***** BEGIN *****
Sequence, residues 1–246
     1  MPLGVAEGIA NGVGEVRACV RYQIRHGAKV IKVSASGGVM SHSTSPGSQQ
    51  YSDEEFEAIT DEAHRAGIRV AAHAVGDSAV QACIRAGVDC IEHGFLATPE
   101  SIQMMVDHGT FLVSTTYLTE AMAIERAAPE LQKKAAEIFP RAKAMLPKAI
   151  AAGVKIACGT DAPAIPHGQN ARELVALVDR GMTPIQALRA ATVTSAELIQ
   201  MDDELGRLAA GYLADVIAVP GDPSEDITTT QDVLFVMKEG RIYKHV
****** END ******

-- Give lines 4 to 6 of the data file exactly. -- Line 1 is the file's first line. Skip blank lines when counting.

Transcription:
   101  SIQMMVDHGT FLVSTTYLTE AMAIERAAPE LQKKAAEIFP RAKAMLPKAI
   151  AAGVKIACGT DAPAIPHGQN ARELVALVDR GMTPIQALRA ATVTSAELIQ
   201  MDDELGRLAA GYLADVIAVP GDPSEDITTT QDVLFVMKEG RIYKHV